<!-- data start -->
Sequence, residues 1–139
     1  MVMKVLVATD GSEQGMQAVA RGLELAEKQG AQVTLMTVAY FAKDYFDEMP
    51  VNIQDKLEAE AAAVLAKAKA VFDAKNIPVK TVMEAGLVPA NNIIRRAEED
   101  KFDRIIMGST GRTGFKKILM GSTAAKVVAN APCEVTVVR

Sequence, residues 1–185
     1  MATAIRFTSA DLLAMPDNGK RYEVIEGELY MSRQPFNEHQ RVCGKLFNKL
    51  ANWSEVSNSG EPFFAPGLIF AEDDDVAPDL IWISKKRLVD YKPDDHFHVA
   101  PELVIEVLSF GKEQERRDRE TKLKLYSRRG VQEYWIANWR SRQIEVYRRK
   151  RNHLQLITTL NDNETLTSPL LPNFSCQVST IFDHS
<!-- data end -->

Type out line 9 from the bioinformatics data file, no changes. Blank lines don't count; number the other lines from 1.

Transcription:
   151  RNHLQLITTL NDNETLTSPL LPNFSCQVST IFDHS